You probably think you already know how to do push-ups correctly. You might be right about that, or you might be very wrong. In this article and video, we’ll discuss proper technique, which muscles are targeted, and how to perform regular push-ups, close position push-ups, wide position push-ups, elevated push-ups, knee push-ups, and “Perfect Push-ups.”
Regular push-ups should be performed with your arms approximately shoulder-width apart, your back straight, and your head tilted slightly up. Keep your feet tight together, with your toes on the ground. As you go down, the only thing moving should be your arms. Try to keep your shoulders in somewhat, instead of letting them jut outward.
Any type of push-up targets mainly your pectorals (chest muscles) and triceps (the arm muscles on the back of your arm). It also works your abdominal muscles somewhat, as well as your deltoid muscles (shoulders). The farther apart you put your hands during a push-up, the more your pectorals are worked. The closer you put your hands together during a push-up, the more your triceps are worked.
Elevation also effects push-up difficulty and muscle activation. If you elevate your feet onto a chair or bench and do push-ups, the difficulty is increased, and the upper section of your pectorals are worked harder. Your deltoids are also activated more. The same is true when doing a handstand push-up. If you do knee push-ups, the difficulty is decreased. If you are unable to do a single regular push-up, you can do knee push-ups. You should also try doing negative push-ups. To perform a negative push-up, assume a regular push-up position and slowly lower yourself to the ground. Then get back into the starting position by using your legs/knees/feet.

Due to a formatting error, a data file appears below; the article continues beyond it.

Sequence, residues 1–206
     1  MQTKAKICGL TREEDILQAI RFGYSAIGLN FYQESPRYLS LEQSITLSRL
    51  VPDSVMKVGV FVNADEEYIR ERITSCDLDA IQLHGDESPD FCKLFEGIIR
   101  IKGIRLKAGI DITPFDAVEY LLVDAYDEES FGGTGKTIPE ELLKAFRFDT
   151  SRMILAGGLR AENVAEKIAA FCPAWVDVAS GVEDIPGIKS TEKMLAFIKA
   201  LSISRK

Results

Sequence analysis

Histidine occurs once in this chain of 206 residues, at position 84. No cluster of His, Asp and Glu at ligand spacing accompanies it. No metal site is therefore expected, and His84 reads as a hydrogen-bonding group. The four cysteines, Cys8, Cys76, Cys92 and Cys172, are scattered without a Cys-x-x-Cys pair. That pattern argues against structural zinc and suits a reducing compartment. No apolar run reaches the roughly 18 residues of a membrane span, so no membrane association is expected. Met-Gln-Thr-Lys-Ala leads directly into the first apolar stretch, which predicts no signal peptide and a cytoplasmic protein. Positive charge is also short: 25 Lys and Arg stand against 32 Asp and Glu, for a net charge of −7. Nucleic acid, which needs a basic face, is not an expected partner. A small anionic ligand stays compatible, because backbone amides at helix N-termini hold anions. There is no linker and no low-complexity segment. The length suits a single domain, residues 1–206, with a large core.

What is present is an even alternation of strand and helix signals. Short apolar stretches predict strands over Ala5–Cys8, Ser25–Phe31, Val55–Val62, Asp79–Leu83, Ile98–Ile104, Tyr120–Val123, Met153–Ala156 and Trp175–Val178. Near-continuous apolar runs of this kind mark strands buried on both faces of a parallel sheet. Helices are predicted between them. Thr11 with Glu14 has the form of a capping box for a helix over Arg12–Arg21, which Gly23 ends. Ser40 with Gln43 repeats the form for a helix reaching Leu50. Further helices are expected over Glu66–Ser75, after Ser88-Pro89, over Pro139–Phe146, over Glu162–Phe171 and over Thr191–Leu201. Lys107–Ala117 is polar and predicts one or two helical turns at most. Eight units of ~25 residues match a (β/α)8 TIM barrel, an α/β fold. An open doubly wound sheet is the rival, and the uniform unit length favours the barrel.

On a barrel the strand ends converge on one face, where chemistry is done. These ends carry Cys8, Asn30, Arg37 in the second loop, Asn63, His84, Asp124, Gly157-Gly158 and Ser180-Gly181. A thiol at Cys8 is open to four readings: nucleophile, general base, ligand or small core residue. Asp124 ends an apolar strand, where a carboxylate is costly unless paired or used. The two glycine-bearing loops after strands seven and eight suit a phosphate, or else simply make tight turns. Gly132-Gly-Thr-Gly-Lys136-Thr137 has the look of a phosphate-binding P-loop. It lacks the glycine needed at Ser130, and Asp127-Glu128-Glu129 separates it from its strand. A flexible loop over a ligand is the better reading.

Perfect Push-ups are another great addition to your push-up arsenal. This product might seem a little gimmicky, but it actually works. They were invented by a Navy SEAL — someone who knows push-ups better than anyone. While they can’t replace regular push-ups, they are better in that they are harder (about twice as hard) and work your biceps a bit as well, thanks to the twisting motion. Regular push-ups, on the other hand, do not really work your biceps. Perfect Push-ups also aren’t as hard on your wrists, thanks to the handles. You can do Perfect Push-ups in wide, regular, and close positions. Watch the video below for a complete demonstration.
The problem with push-ups in general is that you cannot increase the weight as your strength increases, unless you wear weight vests or something similar. A better alternative after developing strength with the push-up is to move on to bench pressing, which allows easy adjustment of weight. This does not render the push-up as useless, however. Push-ups are still great because they can be done anywhere, and they are very effective for building your muscular endurance. That’s why Navy SEALs do so many of them.
So what are you waiting for? GO DO PUSH-UPS.
The information provided in the video below is similar to that written above, but with visual examples. I know, I’m skinny. The video is a little old. Deal with it.